Decreasing abstraction through computational media

Computational media is important because it allows one to visualize the unseen. Despite their elegant presentation on paper, equations contain massive amounts of information. For anything beyond the most trivial of cases, understanding how different elements in an equation (or set of interlaced equations) influence the development of a solution is impossible. Computers allow one to solve complicated systems and store the approximate solution. This solution is normally displayed visually, but can be represented in other ways. My final project, for example, is a haptic representation of Gauss’s Law. A user can feel the magnitude of the electric field generated by a point charge by moving his or her hand through space. Computational media provides a means to sense how equations behave. Moreover, the tools of computational media allow one to dynamically change equation parameters and see the results in real time. Most of the time this still involves moving sliders on screen and seeing the changes on screen, but the possibility of integrating some physical interaction exists.

Visualization and other means of representation allows for improved understanding of stationary and dynamical systems by decreasing abstraction. Equations are a compact way of expressing relationships between different quantities, such as electric field and charge distribution, or time and position. One can quickly derive new relationships by playing with the symbols in these equations. However, symbols are not easily grounded in intuition. Computing a numerical solution to the equation governing some physical system is a way of opening up the equation, unfurling it in time and or space. It also assigns values to variables, and functions that act on values to symbolic operators. Abstraction is further decreased by taking the solution, at this point a series of values, and giving it some physical property — vibration amplitude or color for instance. This physical representation of the equation is more natural, thus easier to understand. The power of computational media is the ability to display complex relationships in a more readily human-comprehensible form.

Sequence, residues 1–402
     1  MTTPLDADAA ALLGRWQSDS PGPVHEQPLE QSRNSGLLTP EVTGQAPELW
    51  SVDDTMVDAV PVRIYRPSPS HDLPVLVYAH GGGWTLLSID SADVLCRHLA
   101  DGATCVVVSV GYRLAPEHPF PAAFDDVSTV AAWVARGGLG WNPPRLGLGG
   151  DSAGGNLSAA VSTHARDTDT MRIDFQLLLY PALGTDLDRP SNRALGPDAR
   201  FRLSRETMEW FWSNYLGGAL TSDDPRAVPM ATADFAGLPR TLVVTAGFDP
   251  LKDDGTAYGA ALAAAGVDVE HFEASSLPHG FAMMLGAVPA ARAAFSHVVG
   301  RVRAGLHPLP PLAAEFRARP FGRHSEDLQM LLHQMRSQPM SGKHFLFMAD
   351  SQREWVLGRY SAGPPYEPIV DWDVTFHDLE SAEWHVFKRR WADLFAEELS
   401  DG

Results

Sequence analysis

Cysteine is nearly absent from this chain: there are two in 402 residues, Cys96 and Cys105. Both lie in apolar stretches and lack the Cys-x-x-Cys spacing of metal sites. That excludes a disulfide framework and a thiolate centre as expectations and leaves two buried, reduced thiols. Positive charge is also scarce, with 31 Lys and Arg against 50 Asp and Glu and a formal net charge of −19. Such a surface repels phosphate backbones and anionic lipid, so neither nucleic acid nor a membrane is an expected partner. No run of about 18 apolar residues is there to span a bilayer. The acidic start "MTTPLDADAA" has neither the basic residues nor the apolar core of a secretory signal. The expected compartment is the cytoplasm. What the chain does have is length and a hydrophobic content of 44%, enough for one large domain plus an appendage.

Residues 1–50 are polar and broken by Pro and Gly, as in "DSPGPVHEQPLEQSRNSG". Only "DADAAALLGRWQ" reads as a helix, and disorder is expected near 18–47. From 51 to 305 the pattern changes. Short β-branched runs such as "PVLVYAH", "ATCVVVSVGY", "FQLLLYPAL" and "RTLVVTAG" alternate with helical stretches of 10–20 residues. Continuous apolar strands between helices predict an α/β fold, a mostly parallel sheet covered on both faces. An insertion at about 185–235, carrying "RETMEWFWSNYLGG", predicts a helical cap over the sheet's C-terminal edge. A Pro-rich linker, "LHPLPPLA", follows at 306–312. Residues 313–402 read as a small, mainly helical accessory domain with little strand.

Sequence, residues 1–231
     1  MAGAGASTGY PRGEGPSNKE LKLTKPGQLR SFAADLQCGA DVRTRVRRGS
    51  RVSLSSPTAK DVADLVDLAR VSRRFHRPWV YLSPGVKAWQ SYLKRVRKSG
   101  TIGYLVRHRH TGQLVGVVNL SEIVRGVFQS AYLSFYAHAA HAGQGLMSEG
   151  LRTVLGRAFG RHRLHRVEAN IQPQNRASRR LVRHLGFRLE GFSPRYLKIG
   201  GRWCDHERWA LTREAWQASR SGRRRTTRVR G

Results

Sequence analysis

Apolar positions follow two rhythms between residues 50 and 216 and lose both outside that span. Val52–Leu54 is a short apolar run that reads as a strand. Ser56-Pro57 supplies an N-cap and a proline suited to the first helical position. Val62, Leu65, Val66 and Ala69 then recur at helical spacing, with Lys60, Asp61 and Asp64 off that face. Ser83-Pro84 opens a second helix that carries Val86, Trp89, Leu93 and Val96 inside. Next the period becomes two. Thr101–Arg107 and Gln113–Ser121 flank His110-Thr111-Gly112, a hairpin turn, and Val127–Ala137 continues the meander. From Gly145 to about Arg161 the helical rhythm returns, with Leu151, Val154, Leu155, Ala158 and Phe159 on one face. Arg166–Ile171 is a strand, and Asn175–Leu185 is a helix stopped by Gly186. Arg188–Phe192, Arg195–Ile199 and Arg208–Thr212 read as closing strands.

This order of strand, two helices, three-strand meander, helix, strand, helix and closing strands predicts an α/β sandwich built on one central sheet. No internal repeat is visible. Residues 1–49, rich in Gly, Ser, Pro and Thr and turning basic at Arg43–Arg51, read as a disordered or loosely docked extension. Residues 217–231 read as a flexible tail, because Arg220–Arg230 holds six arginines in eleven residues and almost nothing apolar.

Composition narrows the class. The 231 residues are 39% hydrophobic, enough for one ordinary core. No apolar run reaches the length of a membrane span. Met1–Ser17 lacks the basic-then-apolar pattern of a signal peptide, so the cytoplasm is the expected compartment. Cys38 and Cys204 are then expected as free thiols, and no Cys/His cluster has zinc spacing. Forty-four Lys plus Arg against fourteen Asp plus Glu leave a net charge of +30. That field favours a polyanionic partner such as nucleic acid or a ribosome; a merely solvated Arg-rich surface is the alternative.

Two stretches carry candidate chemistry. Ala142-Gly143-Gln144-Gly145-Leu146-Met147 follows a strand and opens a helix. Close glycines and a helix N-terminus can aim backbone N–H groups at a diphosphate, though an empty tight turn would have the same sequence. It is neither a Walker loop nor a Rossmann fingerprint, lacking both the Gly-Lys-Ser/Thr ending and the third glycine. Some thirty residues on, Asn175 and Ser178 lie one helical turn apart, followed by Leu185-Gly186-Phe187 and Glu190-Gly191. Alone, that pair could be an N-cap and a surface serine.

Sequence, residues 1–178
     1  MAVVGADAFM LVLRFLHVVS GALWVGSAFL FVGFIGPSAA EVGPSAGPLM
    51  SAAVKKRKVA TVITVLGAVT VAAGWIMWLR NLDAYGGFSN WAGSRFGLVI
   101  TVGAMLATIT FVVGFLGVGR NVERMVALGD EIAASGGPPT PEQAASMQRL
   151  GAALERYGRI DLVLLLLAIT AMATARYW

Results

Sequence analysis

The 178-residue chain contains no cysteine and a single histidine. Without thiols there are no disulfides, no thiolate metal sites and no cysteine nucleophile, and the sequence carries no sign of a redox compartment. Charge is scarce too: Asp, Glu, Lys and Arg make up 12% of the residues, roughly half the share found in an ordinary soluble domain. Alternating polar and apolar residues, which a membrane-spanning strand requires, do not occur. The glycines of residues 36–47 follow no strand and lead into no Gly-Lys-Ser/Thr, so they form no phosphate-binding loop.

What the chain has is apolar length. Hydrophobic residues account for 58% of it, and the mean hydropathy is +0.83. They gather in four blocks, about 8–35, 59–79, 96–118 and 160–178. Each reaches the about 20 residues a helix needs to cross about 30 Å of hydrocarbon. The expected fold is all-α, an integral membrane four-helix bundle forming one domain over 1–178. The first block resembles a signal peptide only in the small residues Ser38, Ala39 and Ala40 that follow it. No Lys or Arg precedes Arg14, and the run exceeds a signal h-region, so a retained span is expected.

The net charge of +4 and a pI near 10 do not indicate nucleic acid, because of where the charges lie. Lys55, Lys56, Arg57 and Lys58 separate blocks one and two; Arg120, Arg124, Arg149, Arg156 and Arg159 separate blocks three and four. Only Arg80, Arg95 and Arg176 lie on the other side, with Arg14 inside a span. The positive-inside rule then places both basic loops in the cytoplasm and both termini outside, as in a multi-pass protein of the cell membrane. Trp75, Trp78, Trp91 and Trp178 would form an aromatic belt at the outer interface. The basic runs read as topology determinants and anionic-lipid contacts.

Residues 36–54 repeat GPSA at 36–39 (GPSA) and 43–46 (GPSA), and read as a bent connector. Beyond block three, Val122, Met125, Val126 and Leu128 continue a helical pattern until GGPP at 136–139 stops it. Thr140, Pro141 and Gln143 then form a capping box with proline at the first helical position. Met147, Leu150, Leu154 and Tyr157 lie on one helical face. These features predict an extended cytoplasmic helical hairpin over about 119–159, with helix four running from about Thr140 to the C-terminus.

On Computational Media

First of all, this course has really been an eye-opening one for me. Before I came to college, I’d never imagine myself learning to code and make circuits at the same time. Neither did I know about what’s called “Computational Media”. But now it all starts to make more sense to me. Just as our guest from Istanbul said, people don’t know new media until it is introduced to them. From my own understanding,   Computational Media is indeed future-oriented, but it is also tangible and easily accessible so that we could begin to get the sense of it after only 14 weeks of an intro class.

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Vibrating Glove!

I got my vibrating glove to work! By moving a slider in Processing, a user can change the strength of the vibration felt in the three motors on the glove. You can see a video of the glove working here. Its kind of hard to see/hear the vibrations, but you can definitely feel them. The next step is to get a battery and bluetooth hooked up to this bad boy.